LONDON (Reuters) - Global crude steel output rose 3.5 percent in February from the same month a year ago, as mills in top producer China boosted output despite signs of a mounting surplus and trade tensions between Beijing and Washington.
Global crude steel output hit 131.8 million tonnes in February, data from the World Steel Association (worldsteel) showed, as output in China rose 5.9 percent to hit 64.9 million tonnes.
The data will likely draw international scrutiny after U.S. President Donald Trump this month slapped hefty import duties on steel, aimed at dissuading China from exporting its excess metal at what he says are state subsidised prices.
Trump also aims to impose tariffs on up to $60 billion of imports from China, and Beijing has said it would take strong retaliatory measures to protect its rights.
Chinese rebar prices hit a near nine month low on Monday on worries over slowing demand from the construction sector, growing inventories and the potential trade war between the world’s two largest economies.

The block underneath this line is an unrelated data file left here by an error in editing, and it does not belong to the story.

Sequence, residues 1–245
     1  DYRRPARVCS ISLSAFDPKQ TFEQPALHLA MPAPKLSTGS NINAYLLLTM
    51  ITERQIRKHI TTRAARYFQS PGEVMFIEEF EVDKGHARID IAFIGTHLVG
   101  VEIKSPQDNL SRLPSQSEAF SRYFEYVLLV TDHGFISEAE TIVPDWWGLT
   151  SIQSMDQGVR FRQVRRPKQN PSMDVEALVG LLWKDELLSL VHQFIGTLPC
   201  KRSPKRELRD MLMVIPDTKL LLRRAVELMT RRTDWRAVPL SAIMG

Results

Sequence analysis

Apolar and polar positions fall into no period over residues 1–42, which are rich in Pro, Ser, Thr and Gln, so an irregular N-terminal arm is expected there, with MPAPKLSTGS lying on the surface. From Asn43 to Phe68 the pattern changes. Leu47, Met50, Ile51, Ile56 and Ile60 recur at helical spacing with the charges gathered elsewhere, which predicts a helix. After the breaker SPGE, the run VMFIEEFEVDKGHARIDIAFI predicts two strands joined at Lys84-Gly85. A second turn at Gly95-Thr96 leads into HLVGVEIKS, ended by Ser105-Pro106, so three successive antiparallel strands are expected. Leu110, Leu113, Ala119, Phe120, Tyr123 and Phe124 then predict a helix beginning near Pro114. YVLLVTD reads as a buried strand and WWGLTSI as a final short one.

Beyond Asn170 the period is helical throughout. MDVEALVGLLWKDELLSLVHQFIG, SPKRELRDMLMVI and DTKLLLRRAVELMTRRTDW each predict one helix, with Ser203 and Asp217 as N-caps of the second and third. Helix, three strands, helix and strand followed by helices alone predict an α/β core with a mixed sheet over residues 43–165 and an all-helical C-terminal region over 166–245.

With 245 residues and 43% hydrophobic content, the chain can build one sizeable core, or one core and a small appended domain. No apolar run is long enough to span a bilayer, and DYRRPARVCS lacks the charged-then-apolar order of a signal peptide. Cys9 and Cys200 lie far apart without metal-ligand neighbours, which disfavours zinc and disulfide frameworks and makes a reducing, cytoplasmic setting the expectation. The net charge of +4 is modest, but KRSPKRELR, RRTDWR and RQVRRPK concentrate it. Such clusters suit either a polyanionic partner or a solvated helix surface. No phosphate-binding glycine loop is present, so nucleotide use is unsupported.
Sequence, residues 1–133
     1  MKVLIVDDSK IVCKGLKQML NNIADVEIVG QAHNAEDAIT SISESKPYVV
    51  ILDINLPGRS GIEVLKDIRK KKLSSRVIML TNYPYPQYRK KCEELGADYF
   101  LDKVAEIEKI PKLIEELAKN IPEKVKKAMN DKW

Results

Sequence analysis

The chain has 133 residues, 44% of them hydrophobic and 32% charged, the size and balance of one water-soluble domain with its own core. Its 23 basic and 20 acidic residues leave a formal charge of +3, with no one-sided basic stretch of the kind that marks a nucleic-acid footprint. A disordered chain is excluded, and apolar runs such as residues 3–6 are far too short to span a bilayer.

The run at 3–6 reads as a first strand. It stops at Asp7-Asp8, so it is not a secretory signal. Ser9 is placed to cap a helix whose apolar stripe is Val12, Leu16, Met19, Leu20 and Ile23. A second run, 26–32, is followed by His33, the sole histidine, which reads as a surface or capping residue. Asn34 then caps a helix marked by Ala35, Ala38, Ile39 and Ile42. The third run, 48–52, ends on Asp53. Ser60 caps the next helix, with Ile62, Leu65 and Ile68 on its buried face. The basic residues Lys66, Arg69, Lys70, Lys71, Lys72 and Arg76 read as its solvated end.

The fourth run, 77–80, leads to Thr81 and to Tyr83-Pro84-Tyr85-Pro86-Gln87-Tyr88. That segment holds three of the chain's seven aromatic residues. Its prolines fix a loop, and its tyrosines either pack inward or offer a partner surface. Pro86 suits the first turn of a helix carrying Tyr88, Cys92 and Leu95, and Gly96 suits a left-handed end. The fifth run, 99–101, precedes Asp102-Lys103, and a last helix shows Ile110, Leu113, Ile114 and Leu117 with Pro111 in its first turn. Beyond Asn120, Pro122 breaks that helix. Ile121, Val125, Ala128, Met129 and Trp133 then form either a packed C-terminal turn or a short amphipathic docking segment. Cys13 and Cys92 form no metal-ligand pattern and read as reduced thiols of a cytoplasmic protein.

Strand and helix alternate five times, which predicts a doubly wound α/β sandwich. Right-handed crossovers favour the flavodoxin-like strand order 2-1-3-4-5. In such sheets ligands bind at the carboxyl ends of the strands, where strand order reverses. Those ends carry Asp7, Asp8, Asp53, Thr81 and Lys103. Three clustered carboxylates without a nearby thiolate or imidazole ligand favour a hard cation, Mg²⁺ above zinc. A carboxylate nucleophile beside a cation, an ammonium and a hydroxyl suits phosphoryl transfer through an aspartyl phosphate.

“China are over-producing relative to the current level of demand. It was always a downside risk that China would start to slow. Financial institutions have cautioned things can’t go on forever,” said Jeremy Platt, analyst at steel consultancy MEPS.
“We’re expecting prices to fall in the second half because of China, but equally we’re not anticipating a crash.”
China aside, worldsteel data showed output in India, which last month overtook Japan to become the world’s second largest steel producer, rose 3.4 percent in February, while Japan’s output fell 0.5 percent.
In the western world, output in the European Union fell 0.8 percent, while output in the United States rose 0.4 percent.
“The rebound in U.S. production was not too surprising given the prospect of a 25 percent tariff on U.S. steel imports and the recent stratospheric rise in prices. We expect production to pick up further over the coming months as higher prices encourage capacity restarts,” said Capital Economics in a note.
The steel industry, worth about $900 billion a year, is a seen as a gauge of the world’s economic health.
Reporting by Maytaal Angel; Editing by Mark Potter